Pulitzer Prize: 2022 Winners List


Told to a Tufts University philosopher, this memoir combines Mr. Rembert’s life story with his artwork. In pictures and in Mr. Rembert’s own words before he died in March of last year, the narrative recounts his life in the Jim Crow-era Deep South, his near escape from an attempted lynching in Georgia, his time in prison working in chain gangs and his late discovery of his artistic talent.

finalists “Pessoa: a biography”, by Richard Zenith; “The Doctors Blackwell: How Two Pioneering Sisters Brought Medicine to Women and Women to Medicine,” by Janice P. Nimura


Mrs. Seuss has described this collection, her fifth, as a memoir made up of sonnets, with poems touching on death, birth, loss, and addiction. The collection also won the National Book Critics Circle Award and the PEN/Voelcker Award.

finalists “Refractive Africa: Ballet of the Forgotten”, by Will Alexander; “Yellow Rain” by Mai Der Vang


Ms. Elliott’s intimately informed book expands on her acclaimed 2013 series for The Times on Dasani Coates, a homeless New York schoolgirl, and her family. As well as a portrait of the family, it is about a city and a country that have repeatedly failed to address the issues of poverty and addiction.

finalists “Home, Land, Security: Deradicalization and Extremism’s Return Journey,” by Carla Power; The Family Roe: An American Story by Joshua Prager


A comedic riff on “Hamlet,” set at a barbecue, this play is about a black, gay, southern man whose father urges him to avenge his death. The Wilma Theater in Philadelphia streamed a virtual production last year; the first in-person production is scheduled to begin previews at New York’s Public Theater on Thursday.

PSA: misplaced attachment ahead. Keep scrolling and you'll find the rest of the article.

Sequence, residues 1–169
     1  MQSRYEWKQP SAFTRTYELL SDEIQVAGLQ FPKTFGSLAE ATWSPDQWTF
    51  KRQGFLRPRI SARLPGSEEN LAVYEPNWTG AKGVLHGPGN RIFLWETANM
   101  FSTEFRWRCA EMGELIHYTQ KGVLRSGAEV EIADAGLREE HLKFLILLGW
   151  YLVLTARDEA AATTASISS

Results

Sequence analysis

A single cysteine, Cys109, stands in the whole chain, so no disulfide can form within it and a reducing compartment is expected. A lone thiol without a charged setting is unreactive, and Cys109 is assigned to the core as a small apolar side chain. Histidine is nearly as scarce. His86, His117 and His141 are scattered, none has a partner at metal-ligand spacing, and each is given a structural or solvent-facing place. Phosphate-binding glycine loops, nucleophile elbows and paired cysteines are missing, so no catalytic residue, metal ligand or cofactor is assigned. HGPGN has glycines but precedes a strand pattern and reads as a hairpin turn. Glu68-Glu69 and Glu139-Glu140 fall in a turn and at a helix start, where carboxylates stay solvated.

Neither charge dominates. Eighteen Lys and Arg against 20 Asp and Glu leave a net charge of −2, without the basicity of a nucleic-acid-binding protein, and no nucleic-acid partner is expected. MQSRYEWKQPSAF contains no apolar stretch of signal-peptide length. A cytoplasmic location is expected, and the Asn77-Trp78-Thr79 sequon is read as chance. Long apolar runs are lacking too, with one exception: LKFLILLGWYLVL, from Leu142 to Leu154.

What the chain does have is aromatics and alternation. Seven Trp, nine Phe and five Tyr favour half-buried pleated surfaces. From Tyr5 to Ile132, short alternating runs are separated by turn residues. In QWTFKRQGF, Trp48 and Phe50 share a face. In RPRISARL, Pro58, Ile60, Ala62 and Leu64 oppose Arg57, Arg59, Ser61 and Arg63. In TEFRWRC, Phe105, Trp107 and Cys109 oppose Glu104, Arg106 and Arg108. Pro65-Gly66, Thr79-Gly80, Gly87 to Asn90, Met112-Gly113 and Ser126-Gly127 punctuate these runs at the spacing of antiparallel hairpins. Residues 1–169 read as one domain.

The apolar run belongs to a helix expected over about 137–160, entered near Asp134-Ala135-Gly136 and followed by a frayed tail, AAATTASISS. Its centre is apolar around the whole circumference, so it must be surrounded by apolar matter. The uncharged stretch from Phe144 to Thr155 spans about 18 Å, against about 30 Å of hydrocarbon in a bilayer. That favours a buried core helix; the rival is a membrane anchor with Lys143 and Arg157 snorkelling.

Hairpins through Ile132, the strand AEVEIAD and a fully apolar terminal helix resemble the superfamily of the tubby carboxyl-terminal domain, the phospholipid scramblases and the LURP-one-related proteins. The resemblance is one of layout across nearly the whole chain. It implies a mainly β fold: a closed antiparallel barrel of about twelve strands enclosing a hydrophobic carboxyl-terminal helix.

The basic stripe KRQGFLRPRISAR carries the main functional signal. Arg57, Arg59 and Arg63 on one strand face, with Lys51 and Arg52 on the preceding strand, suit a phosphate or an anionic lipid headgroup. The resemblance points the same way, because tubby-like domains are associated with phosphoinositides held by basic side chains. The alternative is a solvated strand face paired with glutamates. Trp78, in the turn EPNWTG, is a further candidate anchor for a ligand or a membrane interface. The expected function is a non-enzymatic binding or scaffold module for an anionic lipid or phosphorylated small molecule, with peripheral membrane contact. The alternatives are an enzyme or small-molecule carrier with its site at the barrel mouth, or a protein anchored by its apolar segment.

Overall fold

finalists “Kristina Wong, maquiladora”, by Kristina Wong; Selling Kabul by Sylvia Khoury


This site-specific work, for organ and ensemble, was commissioned for the group Present Music’s Thanksgiving concert in Milwaukee. Mr. Chacón, a member of the Navajo Nation, has said that he tries hard not to feature his art on the holiday, but he made an exception. The piece, however, was appropriate for the occasion and the church in which it premiered: it is an exploration of meeting spaces, their history, and the land they occupy. Consider, wrote Chacón, “the uselessness of giving voice to those who do not have it, when giving up space is never an option for those in power.”

finalists “Seven Pillars”, by Andy Akiho; “with eyes the color of time”, by Anne Leilehua Lanzilotti

Leave a Reply

Your email address will not be published.